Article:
December 4, 2017
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'Chilling effect on business' after state panel recommends against Vancouver Energy project



After a four-year review process that by law was supposed to take just one year, the Washington Energy Facility Site Evaluation Committee (EFSEC) has voted against the proposed Vancouver Energy project. This oil terminal project would reduce American dependence on foreign oil and bring new jobs to Southwest Washington by moving up to 360,000 barrels of crude oil from the U.S. interior to West Coast refineries.

The EFSEC regulators last week voted unanimously to recommend that Gov. Jay Inslee deny the project. The company, a joint venture of Andeavor (formerly Tesoro) and Savage Services, said this about the ruling:

"We are extremely disappointed, especially after a review of more than four years in a process that state law says should take one year. EFSEC has set an impossible standard for new energy facilities based on the risk of incidents that the Final Environmental Impact Statement characterizes as extremely unlikely. The FEIS confirmed that construction and normal operation of the facility would have no significant unavoidable impacts that cannot be mitigated. This decision sends a clear anti-development message that will have a chilling effect on business in the state of Washington."

Leaders in labor and agriculture said the EFSEC ruling will have far-reaching negative effects.

The Daily News editorial board echoed that sentiment: “An interesting part of this story is that the EFSEC is mandated to finish its study and give a recommendation within a 12-month time period. It took the EFSEC more than four years to review the Vancouver oil terminal project. Does this sound familiar? A state agency dragging its feet on any project it doesn’t want to approve? Much like the decisions against Millennium Bulk Terminals and the Kalama methanol project, it appears ‘politics over policy’ is the norm in the state of Washington.”

The ruling will go far beyond energy projects, even hitting the state's vital agricultural sector, which depends on a robust export infrastructure, said John Stuhlmiller, CEO of the Washington Farm Bureau: "We can’t continue down this path and expect to be the most trade-dependent state in the nation if we are not willing to invest in new infrastructure projects."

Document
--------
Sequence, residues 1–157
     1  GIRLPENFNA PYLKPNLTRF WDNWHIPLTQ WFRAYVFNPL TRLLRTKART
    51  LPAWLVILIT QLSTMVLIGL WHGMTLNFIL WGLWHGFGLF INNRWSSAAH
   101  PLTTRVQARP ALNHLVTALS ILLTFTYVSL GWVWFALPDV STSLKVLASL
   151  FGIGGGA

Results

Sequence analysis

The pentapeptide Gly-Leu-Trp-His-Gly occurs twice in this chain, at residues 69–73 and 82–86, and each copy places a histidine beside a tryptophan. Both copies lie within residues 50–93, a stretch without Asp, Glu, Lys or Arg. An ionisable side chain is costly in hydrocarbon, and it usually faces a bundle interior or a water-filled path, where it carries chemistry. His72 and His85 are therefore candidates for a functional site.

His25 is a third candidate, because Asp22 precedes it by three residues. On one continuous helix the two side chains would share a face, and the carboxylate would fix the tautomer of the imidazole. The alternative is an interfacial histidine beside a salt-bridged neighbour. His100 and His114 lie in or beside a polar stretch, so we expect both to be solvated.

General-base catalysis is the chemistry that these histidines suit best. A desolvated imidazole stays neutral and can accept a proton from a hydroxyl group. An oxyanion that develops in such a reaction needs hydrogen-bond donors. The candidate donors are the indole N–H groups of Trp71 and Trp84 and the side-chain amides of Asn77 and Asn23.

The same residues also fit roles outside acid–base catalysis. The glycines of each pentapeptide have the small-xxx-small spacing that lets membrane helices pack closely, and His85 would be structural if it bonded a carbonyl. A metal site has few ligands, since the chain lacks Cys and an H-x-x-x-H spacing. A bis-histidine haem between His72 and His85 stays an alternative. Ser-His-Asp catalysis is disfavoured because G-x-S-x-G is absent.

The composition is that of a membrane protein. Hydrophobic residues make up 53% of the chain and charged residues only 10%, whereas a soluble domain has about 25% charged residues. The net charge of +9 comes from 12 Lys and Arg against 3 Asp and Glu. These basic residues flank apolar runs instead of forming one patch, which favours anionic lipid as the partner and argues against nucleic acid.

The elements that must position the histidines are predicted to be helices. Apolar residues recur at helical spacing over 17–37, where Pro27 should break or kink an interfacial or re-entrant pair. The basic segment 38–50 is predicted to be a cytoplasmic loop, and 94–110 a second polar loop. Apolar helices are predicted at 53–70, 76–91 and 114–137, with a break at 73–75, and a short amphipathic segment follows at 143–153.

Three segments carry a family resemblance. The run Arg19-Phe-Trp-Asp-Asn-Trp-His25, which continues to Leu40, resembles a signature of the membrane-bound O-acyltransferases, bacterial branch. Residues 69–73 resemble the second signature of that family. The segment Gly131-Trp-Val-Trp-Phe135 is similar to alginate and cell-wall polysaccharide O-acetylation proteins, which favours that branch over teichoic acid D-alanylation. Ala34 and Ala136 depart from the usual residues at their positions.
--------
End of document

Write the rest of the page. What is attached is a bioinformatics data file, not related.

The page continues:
Sen. Tim Sheldon, D-Potlatch, said he felt sorry for the union workers who would have gotten high-paying jobs, and for the other community members who would have benefitted.

"What we are seeing is an attempt by urban special interest groups to realign our state. Instead of seeing us as part of the Pacific Northwest, sharing our interests with Idaho, Montana, Oregon and Alaska, they are drawing a big blue line around a West Coast nature preserve where cities like L.A., San Francisco, Portland and Seattle lord it over everyone else," Sheldon said.

For more on this issue, contact AWB Government Affairs Director Mary Catherine McAleer.



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Filling all those hands-on jobs means we must rethink not only how we close the skills gap, but also the "interest gap" for the next generation of builders, welders and makers.

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I recently traveled to Switzerland with the governor and a group of business leaders and education experts from across the state to look at the country's successful and robust apprenticeship programs, which are geared toward engaging 16-19-year-olds in meaningful work.

In the Swiss system, young apprentices can easily shift career paths or seek higher education after earning their initial training diploma. It's focused on options and opportunities -- right after graduation and into the future. I heard from several young people who said they were "finished" with the classroom by ninth grade and eager to work with their hands...

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